Candidates vie for 58th Assembly District seat in special election

Early voting is underway in the 58th Assembly District special election in Brooklyn.

News 12 Staff

May 16, 2022, 11:49 PM

Updated 759 days ago


Early voting is underway in the 58th Assembly District special election in Brooklyn.
Assembly member Nick Perry has represented the district that serves parts of Flatbush, Canarsie, and Brownsville for more than 30 years. His seat opened when he was appointed as U.S. ambassador to Jamaica.
Candidate Monique Chandler-Waterman was raised in East Flatbush and serves as an outreach director for NYC Test and Trace Corps. She also has the backing of Perry, the Brooklyn Democratic Party, Working Families Party and Public Advocate Jumaane Williams.
Chandler-Waterman says her ties to the community she hopes to represent run deep.
“I'm an educator…I taught in P.S 135, My 11, and also Tillman Campus. Also, I have multiple after school programs in schools throughout the district,” she says. “I also started a nonprofit organization called East Flatbush Village, Inc. where we do wrap-around services holistically for the entire family."
Democrat Hercules Reid is running on the Education is Key party line. He was endorsed by Mayor Eric Adams, who he was an aide for while Adams was Brooklyn borough president.
Reid, 29, says he's hoping to offer a fresh perspective.
“As I say to the voters, this is what you asked I am,” he said.
Reid attended the New York City College of Technology and was the co-chair of the CUNY Task Force as well as student body president. He says his experience has led him to run for office.
“It was during that time as a student government president that I saw real change happen. I was in rooms, I was sitting at tables where there was nobody that looked like me,” Reid says.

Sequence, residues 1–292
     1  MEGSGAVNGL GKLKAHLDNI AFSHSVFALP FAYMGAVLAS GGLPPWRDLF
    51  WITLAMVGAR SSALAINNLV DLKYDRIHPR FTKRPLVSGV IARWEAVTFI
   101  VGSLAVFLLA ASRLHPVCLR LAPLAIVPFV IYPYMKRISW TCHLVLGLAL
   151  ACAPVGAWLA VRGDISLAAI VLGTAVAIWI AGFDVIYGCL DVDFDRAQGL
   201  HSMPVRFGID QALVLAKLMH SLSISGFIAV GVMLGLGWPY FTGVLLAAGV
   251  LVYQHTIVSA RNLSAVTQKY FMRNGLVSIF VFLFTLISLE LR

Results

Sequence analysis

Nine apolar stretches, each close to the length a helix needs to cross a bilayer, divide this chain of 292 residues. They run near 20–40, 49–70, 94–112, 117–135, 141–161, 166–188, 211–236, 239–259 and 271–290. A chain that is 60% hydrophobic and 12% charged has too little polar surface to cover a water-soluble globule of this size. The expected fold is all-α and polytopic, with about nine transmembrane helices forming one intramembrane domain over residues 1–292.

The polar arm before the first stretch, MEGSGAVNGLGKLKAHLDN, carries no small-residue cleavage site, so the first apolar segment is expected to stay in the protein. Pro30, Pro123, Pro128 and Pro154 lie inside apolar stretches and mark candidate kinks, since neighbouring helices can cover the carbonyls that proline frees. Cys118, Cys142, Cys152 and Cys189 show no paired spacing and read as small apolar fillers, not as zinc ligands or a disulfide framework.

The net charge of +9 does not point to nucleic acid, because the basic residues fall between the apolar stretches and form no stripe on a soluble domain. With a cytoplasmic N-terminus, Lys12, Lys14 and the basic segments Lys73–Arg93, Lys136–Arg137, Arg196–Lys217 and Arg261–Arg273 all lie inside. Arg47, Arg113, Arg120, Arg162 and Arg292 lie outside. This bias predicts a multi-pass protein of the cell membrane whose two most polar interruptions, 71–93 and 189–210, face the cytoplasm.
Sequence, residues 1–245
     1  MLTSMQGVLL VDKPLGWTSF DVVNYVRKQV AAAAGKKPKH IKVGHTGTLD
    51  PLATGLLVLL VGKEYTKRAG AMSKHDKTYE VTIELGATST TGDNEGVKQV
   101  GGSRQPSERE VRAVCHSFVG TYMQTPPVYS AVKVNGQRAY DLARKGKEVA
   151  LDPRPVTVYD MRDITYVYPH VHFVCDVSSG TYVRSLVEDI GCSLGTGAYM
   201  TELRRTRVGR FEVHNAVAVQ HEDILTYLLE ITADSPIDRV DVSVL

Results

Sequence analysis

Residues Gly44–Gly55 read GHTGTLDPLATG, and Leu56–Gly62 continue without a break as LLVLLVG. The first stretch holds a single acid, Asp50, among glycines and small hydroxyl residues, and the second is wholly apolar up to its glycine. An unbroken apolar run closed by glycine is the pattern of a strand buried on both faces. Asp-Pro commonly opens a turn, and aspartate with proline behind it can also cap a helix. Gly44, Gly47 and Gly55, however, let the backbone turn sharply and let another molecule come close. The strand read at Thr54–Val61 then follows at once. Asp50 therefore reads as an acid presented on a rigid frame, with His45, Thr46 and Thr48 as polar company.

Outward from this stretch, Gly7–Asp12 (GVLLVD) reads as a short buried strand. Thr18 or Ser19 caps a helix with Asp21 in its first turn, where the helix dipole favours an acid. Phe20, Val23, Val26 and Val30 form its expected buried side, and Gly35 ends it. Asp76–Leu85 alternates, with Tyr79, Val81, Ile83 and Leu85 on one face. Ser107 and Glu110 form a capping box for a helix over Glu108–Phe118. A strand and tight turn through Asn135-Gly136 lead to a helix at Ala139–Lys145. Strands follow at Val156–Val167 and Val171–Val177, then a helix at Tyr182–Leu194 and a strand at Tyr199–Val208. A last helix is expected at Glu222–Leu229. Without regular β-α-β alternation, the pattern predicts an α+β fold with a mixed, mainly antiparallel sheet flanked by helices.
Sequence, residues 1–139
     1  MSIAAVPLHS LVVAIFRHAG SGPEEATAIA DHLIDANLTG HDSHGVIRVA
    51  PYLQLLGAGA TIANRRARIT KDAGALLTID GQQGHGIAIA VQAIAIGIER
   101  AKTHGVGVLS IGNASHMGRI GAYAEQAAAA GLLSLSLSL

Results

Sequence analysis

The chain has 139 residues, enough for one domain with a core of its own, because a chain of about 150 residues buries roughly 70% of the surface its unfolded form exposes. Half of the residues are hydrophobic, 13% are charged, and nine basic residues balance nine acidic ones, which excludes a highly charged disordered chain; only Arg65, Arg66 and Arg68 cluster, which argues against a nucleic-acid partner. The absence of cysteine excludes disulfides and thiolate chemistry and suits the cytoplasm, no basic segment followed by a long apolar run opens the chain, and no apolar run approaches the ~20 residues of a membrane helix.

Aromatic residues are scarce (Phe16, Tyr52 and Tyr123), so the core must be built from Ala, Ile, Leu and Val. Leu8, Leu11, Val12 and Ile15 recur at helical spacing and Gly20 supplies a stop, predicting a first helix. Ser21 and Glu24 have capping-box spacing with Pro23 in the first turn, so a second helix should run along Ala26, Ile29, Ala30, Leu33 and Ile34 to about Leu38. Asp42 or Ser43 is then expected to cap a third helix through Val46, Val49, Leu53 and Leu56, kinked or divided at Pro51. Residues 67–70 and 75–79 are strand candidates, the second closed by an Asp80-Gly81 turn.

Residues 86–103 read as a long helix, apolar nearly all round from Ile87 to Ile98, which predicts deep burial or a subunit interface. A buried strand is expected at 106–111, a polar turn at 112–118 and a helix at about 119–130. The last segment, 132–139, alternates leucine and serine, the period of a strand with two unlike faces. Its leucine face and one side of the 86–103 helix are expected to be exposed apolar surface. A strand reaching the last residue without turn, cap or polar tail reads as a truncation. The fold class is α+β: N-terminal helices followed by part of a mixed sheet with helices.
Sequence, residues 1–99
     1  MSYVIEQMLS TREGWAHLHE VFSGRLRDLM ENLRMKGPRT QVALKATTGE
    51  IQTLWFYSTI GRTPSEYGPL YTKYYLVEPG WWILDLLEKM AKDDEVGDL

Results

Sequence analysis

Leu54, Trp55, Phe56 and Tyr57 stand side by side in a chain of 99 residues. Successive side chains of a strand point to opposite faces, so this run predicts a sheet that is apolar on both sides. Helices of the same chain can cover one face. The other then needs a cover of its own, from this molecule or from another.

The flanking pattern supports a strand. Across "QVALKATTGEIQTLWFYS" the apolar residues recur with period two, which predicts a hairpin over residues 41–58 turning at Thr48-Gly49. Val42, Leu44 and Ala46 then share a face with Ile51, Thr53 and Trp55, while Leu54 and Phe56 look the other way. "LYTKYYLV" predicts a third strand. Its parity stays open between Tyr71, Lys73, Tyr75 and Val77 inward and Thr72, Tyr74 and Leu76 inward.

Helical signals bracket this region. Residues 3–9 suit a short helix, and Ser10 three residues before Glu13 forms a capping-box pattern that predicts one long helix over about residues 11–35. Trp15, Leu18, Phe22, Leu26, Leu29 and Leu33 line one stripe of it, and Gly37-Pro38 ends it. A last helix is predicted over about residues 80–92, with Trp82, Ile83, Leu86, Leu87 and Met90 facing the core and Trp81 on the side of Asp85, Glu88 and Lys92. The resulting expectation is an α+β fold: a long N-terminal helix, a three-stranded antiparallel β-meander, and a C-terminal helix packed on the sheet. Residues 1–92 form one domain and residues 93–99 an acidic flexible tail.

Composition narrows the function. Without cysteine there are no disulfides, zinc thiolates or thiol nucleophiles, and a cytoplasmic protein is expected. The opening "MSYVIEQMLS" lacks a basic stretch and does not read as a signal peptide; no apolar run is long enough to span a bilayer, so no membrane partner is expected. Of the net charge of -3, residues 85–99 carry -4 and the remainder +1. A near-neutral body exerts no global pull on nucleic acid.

Both Chandler-Waterman and Reid are running on similar platforms.
Chandler-Waterman's promise to voters includes COVID relief for businesses, quality public education, affordable housing through income-targeted housing programs, accessible mental health services and public safety.
“We have a public health crisis. Not just with gun violence, with substance abuse, it's a whole bunch that's going on that's social determinants of health that we need to look at,” she says.
Reid says his priorities include affordable education, like making higher education free at all CUNY and SUNY programs, as well as affordable housing and health care.
Reid says his goal is to be the eyes and ears in Albany for the people he'll serve.
“If I'm at a state level, I can say I'm seeing an issue-- let's put more funding here to make sure these streets are clean….let's create the policy we need to ensure these things are possible,” he says.
The candidates say what differentiates themselves from each other are their passions.
“No one has the body of work, lived in this community for their whole entire life. No other candidate has been here in the trenches fighting for gun violence for over two decades with these same community members. No one has the body of work, the passion, the experience,” Chandler-Waterman says.
Reid’s message to voters is, “What are you going to do with this young man, this young individual who is actually trained, prepared, passionate, and hungry to bring about the change that everybody here wants?”
Republican candidate Monique Allen-Davy is also on the ballot. News 12 was unable to reach her for an interview.
The winner of the special election will hold the seat through the end of the year, even as the candidates run again in the primary on June 28.

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